(Anger – Nymphs – Ironworks)
“Ah, a goddess I honour and revere is here in my house, she who saved me in my hour of agony, after my mother Hera, shamed by my lameness, threw me from Olympus. How I’d have suffered if Thetis and Eurynome, daughter of encircling Ocean, had not taken me to their breasts. Staying with them nine years in their deep cave, I worked away at fine ornaments; brooches and spiral bracelets, necklaces and rosettes; while round me the vast stream of Ocean flowed, seething with foam. Neither gods nor mortals knew, only Thetis and Eurynome who rescued me.”
Homer : «The Iliad », Book XVIII
How very moving is Hephaistos’s own account of his first steps in the world. First, cast off the top of Mount Olympus by his mother Hera, ashamed of her offspring’s deformity: then welcomed and sheltered by new mothers in the amniotic waters of the ocean; finally condemned as a captive in the heat of caves and volcanoes.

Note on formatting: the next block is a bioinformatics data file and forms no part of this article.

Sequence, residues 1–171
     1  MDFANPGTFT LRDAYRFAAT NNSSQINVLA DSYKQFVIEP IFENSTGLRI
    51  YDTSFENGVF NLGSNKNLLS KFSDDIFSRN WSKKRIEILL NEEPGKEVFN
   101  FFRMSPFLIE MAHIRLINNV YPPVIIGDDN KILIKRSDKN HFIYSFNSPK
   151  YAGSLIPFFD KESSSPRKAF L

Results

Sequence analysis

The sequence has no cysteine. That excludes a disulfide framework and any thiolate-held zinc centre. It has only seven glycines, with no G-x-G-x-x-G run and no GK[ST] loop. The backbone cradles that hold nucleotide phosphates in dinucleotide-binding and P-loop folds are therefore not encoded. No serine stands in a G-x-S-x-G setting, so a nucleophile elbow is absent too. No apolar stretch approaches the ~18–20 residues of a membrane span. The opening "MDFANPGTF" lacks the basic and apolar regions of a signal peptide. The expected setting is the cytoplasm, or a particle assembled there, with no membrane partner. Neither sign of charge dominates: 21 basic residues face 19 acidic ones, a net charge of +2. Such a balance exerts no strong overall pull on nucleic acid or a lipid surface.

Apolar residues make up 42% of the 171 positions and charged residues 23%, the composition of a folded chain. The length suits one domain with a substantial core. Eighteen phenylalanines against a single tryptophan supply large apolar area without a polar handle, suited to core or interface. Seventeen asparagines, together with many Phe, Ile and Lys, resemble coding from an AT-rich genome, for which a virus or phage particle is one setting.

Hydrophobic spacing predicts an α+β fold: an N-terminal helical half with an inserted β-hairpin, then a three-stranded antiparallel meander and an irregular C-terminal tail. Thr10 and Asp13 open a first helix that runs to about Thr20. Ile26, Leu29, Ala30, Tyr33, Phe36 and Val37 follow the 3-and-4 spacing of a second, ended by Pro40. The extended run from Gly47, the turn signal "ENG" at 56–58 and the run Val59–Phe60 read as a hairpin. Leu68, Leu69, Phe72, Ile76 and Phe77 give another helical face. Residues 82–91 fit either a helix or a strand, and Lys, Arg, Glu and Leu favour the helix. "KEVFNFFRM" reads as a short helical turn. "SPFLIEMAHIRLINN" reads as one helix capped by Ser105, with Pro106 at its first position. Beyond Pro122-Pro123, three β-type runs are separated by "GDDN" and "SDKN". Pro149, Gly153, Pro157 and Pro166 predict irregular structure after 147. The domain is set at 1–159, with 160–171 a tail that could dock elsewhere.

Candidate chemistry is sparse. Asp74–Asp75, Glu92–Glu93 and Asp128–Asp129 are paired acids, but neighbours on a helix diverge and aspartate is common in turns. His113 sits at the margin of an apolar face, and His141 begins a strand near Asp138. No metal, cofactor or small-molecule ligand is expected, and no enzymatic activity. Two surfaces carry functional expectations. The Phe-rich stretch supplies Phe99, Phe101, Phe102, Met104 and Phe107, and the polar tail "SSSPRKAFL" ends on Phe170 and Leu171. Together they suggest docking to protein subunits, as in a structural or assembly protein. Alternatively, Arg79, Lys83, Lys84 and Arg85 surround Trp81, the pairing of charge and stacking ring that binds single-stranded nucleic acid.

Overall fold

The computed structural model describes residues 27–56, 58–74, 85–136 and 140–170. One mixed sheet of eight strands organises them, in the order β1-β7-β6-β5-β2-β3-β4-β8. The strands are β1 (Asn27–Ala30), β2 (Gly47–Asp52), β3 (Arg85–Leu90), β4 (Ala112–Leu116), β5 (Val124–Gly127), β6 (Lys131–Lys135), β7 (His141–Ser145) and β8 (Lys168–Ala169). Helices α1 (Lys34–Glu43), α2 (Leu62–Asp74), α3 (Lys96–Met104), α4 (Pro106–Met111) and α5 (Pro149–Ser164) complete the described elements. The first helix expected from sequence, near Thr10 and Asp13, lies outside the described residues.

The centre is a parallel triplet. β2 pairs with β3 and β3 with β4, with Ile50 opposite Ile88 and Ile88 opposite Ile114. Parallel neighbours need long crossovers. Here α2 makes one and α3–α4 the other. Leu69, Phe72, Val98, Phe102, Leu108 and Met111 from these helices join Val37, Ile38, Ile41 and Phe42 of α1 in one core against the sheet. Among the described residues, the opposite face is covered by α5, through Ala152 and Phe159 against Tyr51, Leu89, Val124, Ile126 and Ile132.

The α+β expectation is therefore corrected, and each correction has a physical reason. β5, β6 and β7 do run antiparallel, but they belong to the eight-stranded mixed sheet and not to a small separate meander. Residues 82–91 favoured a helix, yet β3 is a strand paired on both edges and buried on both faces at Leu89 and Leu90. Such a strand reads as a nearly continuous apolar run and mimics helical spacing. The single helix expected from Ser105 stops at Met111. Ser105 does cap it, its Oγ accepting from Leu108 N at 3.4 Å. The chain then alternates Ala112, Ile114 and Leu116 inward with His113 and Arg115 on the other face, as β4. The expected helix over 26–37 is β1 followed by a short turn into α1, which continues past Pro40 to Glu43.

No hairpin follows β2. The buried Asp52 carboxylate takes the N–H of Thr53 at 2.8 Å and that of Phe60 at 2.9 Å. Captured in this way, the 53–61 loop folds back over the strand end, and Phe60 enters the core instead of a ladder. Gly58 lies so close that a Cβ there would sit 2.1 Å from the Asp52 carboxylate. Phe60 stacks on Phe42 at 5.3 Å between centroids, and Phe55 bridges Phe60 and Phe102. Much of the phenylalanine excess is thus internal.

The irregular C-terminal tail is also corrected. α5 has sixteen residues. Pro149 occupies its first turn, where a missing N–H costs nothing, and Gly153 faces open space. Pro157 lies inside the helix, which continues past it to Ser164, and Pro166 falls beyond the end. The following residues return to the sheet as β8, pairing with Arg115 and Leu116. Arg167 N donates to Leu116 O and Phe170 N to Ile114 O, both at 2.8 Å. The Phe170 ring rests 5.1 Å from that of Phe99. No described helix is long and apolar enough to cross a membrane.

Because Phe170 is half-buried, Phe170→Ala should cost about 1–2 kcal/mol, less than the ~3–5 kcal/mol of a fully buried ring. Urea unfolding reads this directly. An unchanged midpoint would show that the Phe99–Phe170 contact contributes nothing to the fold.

The musical evocation of the three stages of this mythological legend is found in the different movements of this work: the mother’s anger (or father’s as in another passage in Homer, it is Zeus himself who « throws » his son); the Nereides, nymphs of the calm sea who hide the poor soul beneath the liquid depths of the ocean; and the blazing anvil of the future master of the Cyclopes.
There is a version for a Trombone quartet and two percussions entitled Telluris, where the more material sub-titles (Rocks, Water, Cast iron) are a homage to the Earth’s magic and its mighty power, where the mountains, the seas and the fire in its entrails are successively evoked.